Diogenes Syndrome and Drug Addiction

Diogenes syndrome is a condition that affects at least one in every 2,000 people, most of whom are elderly. It is marked by extreme self-neglect of self and environment, and detachment from other people and the world in general. People who suffer its self-destructive symptoms may turn to drugs and alcohol to cope, and that puts them at grave risk for substance dependency. Addiction and Diogenes are a challenging combination to overcome, but with comprehensive care and recovery services a return to good health is achievable.

What Is Addiction and Diogenes Syndrome?

People who develop Diogenes syndrome experience a gradually expanding disconnect with the surrounding world, and with their own emotional and biological needs. The condition is marked by extreme self-neglect and a loss of interest in cleanliness, order, and hygiene in general. It is generally associated with aging, but Diogenes syndrome has been diagnosed in people under the age of 65 as well.

Men and women with Diogenes syndrome frequently live in squalor and deprivation, as they lose the capacity and motivation to keep themselves or their homes clean and presentable. They often resort to hoarding behavior, cluttering their environments with useless or inessential items. Their self-neglect is so severe that it often puts them at grave risk for health complications, and without intervention their self-care skills may atrophy to the point of non-existence.

Among the many effects of Diogenes Syndrome is an increased risk for substance abuse and dependency. Men and women with this condition may turn to drugs and alcohol as a way of dealing with the stress, turmoil, and unhappiness their condition causes, which is a common pattern in those who experience extreme mental disturbances.

There is no doubt that alcohol and drug abuse can make the symptoms of Diogenes syndrome worse, and in some cases it appears to be implicated in the actual onset of the syndrome. Consequently, it is vital that people who exhibit the symptoms of Diogenes syndrome and addiction receive comprehensive medical and therapeutic attention.

Types of Diogenes Syndrome

There are two varieties of this disorder:

  • Primary Diogenes Syndrome: The development of the condition is not related to the onset, or worsening, of any other psychological, emotional, or behavioral health disorders.
  • Secondary Diogenes Syndrome: The symptoms of the syndrome are determined to be a side effect or symptom of another medical condition.

Studies have found that each type represents about half of all diagnosed cases of Diogenes syndrome.

Diogenes Facts and Statistics

Diogenes syndrome is identified by other labels, including severe social breakdown syndrome and self-neglect syndrome. It is believed to be rare, with current estimates of a .05 percent incident rate for people age 60 and over (that is one out of every 2,000 adults).

However, Diogenes syndrome has not been extensively studied and many mental health professionals believe it occurs more frequently than realized. In one sample, 30 percent of those who demonstrated its symptoms were under the age of 65, but data on the incidence of Diogenes syndrome in non-elderly population groups are scarce.

Among the elderly population, substance abuse is a significant problem, and in many cases declining mental health is a precipitating factor in the misuse and overuse of alcohol, illicit drugs, and prescription medications. Approximately 2.5 million elderly Americans will deal with substance use disorders in any given year, and addiction to alcohol and/or drugs has been identified in many individuals diagnosed with Diogenes syndrome.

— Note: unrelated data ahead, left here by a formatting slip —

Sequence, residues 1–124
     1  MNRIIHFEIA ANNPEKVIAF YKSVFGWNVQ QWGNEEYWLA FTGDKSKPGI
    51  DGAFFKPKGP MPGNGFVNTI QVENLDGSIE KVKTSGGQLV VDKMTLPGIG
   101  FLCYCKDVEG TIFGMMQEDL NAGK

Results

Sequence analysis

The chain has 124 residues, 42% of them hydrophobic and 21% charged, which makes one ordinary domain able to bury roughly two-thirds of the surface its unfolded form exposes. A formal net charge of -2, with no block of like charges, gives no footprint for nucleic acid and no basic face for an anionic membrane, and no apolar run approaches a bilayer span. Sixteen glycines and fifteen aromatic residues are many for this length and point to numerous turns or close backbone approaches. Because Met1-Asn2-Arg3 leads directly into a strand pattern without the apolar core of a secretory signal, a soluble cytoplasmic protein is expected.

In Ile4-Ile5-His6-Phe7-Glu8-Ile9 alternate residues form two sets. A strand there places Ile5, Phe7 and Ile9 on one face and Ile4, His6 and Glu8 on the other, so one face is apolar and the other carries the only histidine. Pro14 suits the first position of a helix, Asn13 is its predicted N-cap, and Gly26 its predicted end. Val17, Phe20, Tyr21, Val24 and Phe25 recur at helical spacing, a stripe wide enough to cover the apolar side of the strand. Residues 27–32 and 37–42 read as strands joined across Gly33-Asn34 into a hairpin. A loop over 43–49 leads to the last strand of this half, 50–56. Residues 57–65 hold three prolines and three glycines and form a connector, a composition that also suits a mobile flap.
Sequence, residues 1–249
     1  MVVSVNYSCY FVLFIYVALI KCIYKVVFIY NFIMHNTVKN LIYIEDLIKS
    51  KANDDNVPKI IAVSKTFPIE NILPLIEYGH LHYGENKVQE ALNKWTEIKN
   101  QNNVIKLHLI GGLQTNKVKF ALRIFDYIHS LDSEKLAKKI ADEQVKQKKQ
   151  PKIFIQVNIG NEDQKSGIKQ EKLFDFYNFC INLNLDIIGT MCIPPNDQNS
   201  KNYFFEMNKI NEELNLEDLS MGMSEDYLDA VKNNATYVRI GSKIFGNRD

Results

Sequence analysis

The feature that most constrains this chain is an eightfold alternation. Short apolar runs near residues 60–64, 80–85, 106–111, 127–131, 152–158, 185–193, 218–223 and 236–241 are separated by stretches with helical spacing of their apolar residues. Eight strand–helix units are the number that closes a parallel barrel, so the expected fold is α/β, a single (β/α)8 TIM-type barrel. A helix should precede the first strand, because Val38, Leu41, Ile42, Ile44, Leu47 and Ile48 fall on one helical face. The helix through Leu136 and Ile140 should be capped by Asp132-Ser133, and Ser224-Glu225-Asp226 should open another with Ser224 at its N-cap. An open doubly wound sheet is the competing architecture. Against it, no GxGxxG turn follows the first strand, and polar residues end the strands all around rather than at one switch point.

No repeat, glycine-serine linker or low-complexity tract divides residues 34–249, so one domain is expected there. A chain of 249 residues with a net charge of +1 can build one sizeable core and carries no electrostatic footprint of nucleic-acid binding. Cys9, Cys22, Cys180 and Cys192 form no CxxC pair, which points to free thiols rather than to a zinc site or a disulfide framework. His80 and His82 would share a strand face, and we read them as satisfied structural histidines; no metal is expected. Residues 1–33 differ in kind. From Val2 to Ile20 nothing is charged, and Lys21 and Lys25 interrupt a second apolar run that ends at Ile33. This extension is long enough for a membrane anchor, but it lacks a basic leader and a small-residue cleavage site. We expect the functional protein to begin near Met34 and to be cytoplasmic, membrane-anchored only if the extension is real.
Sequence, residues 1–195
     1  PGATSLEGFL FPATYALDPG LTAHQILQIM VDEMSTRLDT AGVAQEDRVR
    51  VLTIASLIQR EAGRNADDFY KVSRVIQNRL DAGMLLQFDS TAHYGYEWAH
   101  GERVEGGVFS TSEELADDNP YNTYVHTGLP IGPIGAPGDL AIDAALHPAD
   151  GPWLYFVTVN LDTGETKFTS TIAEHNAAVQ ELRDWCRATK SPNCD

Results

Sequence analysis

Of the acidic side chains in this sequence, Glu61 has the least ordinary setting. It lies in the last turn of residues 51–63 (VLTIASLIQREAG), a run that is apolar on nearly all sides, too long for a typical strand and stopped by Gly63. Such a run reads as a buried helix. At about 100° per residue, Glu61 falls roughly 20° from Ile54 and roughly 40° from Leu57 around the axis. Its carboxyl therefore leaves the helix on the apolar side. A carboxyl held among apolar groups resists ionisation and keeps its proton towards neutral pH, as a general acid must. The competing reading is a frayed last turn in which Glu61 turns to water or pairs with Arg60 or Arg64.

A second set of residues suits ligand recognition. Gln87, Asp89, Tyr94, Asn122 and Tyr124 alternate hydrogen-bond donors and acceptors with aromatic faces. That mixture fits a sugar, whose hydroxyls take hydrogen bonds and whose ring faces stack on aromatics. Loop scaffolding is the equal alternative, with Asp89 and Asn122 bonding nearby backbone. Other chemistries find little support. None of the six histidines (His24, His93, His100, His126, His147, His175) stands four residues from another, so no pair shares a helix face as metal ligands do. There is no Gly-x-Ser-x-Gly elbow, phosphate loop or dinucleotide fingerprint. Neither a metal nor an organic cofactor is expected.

Symptoms and Diagnosis of Addiction and Diogenes Syndrome

There is an expectation that people will lose some capacity to care for themselves as they age. But total indifference to health, appearance, and the quality of the living environment are far from normal, and strong indicators that Diogenes syndrome may have developed.

The symptoms of Diogenes syndrome may include:

  • Lack of personal grooming, self-care, and cleanliness
  • Hoarding behavior
  • Lack of interest in cleaning or maintaining the home
  • Obsessive-compulsive behaviors and tendencies
  • Detachment, social isolation
  • Malnutrition, disinterest in eating or preparing meals
  • Paranoia, hostility, aggression
  • Lack of awareness of the surrounding environment, world events, or the needs of other people
  • Distrust of friends, family, authority figures, and the medical profession
  • Eccentric habits and interests (as a new development)
  • Narcissism
  • Impulsive actions
  • Severe social anxiety and avoidance of social interactions
  • Physical signs of illness and neglect, such as rapid weight loss, rashes, hair loss, body odor, tooth decay, dehydration, overgrown hair and nails, infections, and cracked, dry, or bleeding skin

If laboratory tests, interviews with patients and their families, and extensive physical examinations rule out any obvious physical causes for such symptoms, mental health professionals and/or physicians may conclude that Diogenes syndrome (primary type) is the problem and recommend appropriate treatment.

On the other hand, if medical testing and examinations do uncover conditions known to cause such side effects, Diogenes syndrome of the secondary type may be identified and targeted within the context of a comprehensive, multifaceted treatment program.

If substance use accompanies Diogenes syndrome, chemical dependency can be diagnosed if two or more of the following symptoms are present:

  • Increased consumption of drugs or alcohol is required to achieve the same effects
  • Withdrawal symptoms accompany attempts to curtail substance use
  • Heavier-than-expected, unplanned use of drugs or alcohol has become a recurrent pattern